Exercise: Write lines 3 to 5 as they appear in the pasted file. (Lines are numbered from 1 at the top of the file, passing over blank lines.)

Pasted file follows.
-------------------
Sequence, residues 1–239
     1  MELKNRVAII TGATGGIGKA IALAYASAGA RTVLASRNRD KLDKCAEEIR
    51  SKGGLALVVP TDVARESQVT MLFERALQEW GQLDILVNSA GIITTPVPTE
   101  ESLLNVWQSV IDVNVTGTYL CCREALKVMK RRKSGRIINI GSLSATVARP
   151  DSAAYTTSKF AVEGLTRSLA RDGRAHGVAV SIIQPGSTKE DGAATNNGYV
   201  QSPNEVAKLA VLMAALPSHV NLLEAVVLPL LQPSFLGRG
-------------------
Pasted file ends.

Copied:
    51  SKGGLALVVP TDVARESQVT MLFERALQEW GQLDILVNSA GIITTPVPTE
   101  ESLLNVWQSV IDVNVTGTYL CCREALKVMK RRKSGRIINI GSLSATVARP
   151  DSAAYTTSKF AVEGLTRSLA RDGRAHGVAV SIIQPGSTKE DGAATNNGYV